German automaker BMW said Tuesday that it would begin distributing the world's first hydrogen-burning cars to selected users in the U.S. and Europe next year.
The cars are 7-Series sedans powered by 12-cylinder internal-combustion engines capable of burning gasoline or liquefied hydrogen.
BMW, which has been working on hydrogen fuel technology since 1978, will build and distribute about 100 of the vehicles for a variety of uses, said Christoph Huss, vice president for science and traffic technologies.
Automakers believe that hydrogen, the most plentiful element on the globe, could ultimately replace petroleum as the principal fuel for cars and trucks -- although numerous issues need to be resolved.
The first of the so-called Hydrogen-7 models, which follows several earlier generations of experimental BMW hydrogen-burning cars, are expected to be delivered in the first half of 2007, Huss said.
Users, who would not be charged for the cars, could include politicians, celebrities, drivers in corporate fleets and members of the public. Some would receive the cars for prolonged periods, others for short test drives.
"If President George Bush said he wanted one for the next two years, we wouldn't say no," BMW spokesman Andreas Klugescheid quipped.
As many as 30 of the cars will be distributed in the U.S., with California a prime test area because BMW already has a liquid hydrogen fueling station at its North American engineering test center in Oxnard. Huss said BMW would work with energy companies to install fueling facilities for the program.
BMW has not put a time limit on the test period, although Huss said it would last "more than one year but not so long as 10 years."
Huss said the European version of the cars could travel about 125 miles using hydrogen before switching over to gasoline for an additional 400 miles.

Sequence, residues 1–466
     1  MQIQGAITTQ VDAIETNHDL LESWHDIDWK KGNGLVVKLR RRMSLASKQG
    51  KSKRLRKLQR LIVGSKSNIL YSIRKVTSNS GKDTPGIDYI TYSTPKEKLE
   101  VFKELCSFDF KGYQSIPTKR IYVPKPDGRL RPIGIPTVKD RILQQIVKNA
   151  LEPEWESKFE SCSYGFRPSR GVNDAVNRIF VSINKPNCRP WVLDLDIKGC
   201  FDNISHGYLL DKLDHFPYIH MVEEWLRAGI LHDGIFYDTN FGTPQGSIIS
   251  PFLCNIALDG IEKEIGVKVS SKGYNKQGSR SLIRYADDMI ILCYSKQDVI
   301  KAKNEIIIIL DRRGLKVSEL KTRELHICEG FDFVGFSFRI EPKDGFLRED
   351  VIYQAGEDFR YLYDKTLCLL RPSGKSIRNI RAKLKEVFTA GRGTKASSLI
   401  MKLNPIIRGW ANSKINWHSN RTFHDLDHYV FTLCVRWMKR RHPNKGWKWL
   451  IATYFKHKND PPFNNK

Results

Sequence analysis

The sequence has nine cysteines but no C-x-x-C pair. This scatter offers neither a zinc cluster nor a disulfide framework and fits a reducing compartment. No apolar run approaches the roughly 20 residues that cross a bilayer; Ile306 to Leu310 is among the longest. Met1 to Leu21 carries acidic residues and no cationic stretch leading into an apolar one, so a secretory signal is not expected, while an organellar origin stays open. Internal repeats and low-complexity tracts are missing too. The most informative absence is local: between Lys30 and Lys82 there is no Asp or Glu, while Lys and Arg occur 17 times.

That's equivalent to about 20 miles per gallon on gasoline and 16 mpg on hydrogen.
The cars' V-12 engines produce 260 horsepower and can accelerate from zero to 62 mph in 9.5 seconds, with an electronically limited top speed of 143 mph.
Huss said BMW was still "very far away from mass production" of the Hydrogen-7 but wanted to put the cars in use to gather real-world information.
General Motors Corp. and other big carmakers are working on fuel-cell vehicles that would use hydrogen in an electrochemical process to produce electricity to power a motor.
BMW's process eliminates the need to develop an entirely new type of power plant. Still, it faces many of the same challenges as fuel-cell technology, including the establishment of a hydrogen fuel manufacturing industry and a fuel storage and distribution system.
Liquid hydrogen requires special storage and retail pump systems because the gas must be cooled to minus 425 degrees and would instantly freeze a human hand if touched.
Unlike fuel cells, a hydrogen-burning internal-combustion engine cannot eliminate polluting emissions. That's because traces of carbon monoxide are produced whenever engine lubricants are vaporized, and nitrogen oxides are emitted in any combustion process.
But the hydrogen engine's basic byproducts are distilled water and steam, the same as with a fuel cell, and BMW says the hydrogen car is far cleaner than any gasoline car.
Ford Motor Co. and Japanese affiliate Mazda Motor Corp. also are working to develop internal-combustion engines that run on hydrogen.